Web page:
Developing Skills for Success
Young Athletes™ is an innovative sports play program for children with intellectual disabilities, ages 3-7, designed to introduce them to the world of sports, prior to Special Olympics eligibility at age 8. The program focuses on the development of fundamental physical skills and the application of those skills through general fitness and recreational activities.
Created in consultation with the University of Medicine and Dentistry of New Jersey, the activities foster cognitive and social development, muscular strength, hand-eye coordination and balance. The Special Olympics Kansas (SOKS) program offers two levels of participation. The level one “Motor Skills” clinics focus on the development of motor skills and hand-eye coordination for participants, ages 3-7, while the level two “Little Feet” clinics teach children, ages 5-7, how to apply those physical skills through participation in soccer, track and field, and group exercises and activities.
In addition, Special Olympics has published a new guide for families with young children with intellectual disabilities. “Realizing the Bright Future of Your Child with an Intellectual Disability” is especially valuable for families soon after they get the news that their child has an intellectual disability. The 28-page PDF guide outlines treatments, therapies, supports and services that can help a child with ID reach their potential throughout their life. Download this great resource here.
YOUNG ATHLETES CLINICS
Introduced in 2009 in the Metro area, the program has expanded statewide. We are always looking for potential families to be involved, volunteers willing to be trained to facilitate clinics in their region, and sites to host the Young Athletes™ Programs. Contact Chris Burt, email@example.com or 913-236.9290 Ext.107 for more information.
As programs are scheduled they will be added to the regions below. If there is no program listed and you are interested in starting a program or enrolling your child in a program, please contact the individual listed for your region or download the registration form, complete and mail to the SOKS Headquarters Office, 5280 Foxridge Drive, Mission, KS 66202. A minimum of five children ages 3-7, with intellectual disabilities is required to set up a program.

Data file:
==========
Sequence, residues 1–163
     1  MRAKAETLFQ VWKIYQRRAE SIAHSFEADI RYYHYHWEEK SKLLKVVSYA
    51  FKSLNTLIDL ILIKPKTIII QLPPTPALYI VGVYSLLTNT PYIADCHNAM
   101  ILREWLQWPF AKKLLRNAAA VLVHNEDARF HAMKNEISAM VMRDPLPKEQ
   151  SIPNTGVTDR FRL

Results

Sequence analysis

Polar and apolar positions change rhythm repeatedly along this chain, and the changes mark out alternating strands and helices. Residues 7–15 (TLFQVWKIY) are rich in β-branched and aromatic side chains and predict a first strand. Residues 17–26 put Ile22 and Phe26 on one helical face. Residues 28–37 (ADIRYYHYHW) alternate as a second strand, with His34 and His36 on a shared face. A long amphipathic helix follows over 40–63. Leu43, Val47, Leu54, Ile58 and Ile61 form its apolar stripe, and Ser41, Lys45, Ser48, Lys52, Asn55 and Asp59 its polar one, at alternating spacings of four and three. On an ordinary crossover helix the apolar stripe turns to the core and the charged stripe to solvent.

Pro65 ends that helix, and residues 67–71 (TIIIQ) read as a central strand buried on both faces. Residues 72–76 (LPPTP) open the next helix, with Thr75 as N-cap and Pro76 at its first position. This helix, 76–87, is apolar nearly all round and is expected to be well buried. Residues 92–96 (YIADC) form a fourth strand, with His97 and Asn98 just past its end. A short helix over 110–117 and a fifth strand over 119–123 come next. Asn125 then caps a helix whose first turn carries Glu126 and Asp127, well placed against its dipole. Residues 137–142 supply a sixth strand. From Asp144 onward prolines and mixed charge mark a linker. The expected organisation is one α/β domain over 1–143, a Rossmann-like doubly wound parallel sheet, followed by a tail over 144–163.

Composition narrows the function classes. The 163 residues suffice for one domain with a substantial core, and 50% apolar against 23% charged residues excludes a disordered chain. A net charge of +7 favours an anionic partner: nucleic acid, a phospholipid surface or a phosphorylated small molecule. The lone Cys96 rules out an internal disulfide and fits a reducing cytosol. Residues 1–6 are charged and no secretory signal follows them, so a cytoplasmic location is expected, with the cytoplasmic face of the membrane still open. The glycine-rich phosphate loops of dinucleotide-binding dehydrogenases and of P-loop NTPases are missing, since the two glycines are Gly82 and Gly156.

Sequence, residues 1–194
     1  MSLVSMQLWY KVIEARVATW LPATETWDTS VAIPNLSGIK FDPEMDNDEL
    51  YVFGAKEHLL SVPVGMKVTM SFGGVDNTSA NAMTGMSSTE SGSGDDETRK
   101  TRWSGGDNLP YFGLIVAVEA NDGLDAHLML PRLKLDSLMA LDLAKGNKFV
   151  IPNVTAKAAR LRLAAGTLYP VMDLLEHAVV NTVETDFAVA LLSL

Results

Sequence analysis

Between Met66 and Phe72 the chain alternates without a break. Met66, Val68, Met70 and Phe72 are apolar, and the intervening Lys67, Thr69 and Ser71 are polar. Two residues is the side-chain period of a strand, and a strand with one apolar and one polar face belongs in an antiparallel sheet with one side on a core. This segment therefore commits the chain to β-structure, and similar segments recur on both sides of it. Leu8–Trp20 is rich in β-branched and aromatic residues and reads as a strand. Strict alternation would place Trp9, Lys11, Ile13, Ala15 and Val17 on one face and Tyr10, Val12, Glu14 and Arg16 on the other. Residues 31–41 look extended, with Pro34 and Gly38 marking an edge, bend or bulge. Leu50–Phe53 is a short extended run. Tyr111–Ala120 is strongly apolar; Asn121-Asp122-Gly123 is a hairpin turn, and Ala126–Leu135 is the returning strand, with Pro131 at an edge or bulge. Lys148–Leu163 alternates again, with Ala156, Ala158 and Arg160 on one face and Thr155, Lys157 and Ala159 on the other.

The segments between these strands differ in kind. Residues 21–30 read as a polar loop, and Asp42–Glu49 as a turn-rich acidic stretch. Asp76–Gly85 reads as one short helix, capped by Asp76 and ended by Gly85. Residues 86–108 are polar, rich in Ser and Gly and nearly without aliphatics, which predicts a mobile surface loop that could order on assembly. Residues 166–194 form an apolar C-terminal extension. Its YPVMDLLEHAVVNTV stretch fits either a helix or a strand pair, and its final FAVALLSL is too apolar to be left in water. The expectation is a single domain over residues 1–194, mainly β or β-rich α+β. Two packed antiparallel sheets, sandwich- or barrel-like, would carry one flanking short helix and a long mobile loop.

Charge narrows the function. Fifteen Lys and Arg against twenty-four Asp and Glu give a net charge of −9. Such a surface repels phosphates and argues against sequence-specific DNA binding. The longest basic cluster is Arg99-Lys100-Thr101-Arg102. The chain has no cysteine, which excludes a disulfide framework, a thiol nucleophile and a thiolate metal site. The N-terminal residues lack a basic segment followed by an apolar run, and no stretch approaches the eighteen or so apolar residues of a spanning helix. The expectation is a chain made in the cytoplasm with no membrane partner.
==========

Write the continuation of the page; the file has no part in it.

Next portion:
Metro – Contact Terri Price – firstname.lastname@example.org
Thursdays June 7 – July 12, 2018, 5:30 – 6:30 p.m. at Sunset Hill Elementary in Lawrence
Click HERE for flyer.
South Central – St. Joseph’s Gym (132 S. Millwood, Wichita)
Every Other Wednesday March 7 – May 30, 6:30 – 7:30 p.m.
Contact Myra Jacobs email@example.com
Southeast – Contact Terri Price – firstname.lastname@example.org
North Central – Contact Krystin Guggisberg – email@example.com
Offered in one hour, family friendly sessions; parents and younger siblings are encouraged to participate. The activities are designed to be used by parents in the home or a preschool/school environment, with a playgroup or in a one-on-one situation. Young, intellectually disabled children who participate in the Motor Skills clinics are provided an activity kit, along with user friendly instructions, to take home and continue working on their skills with their families.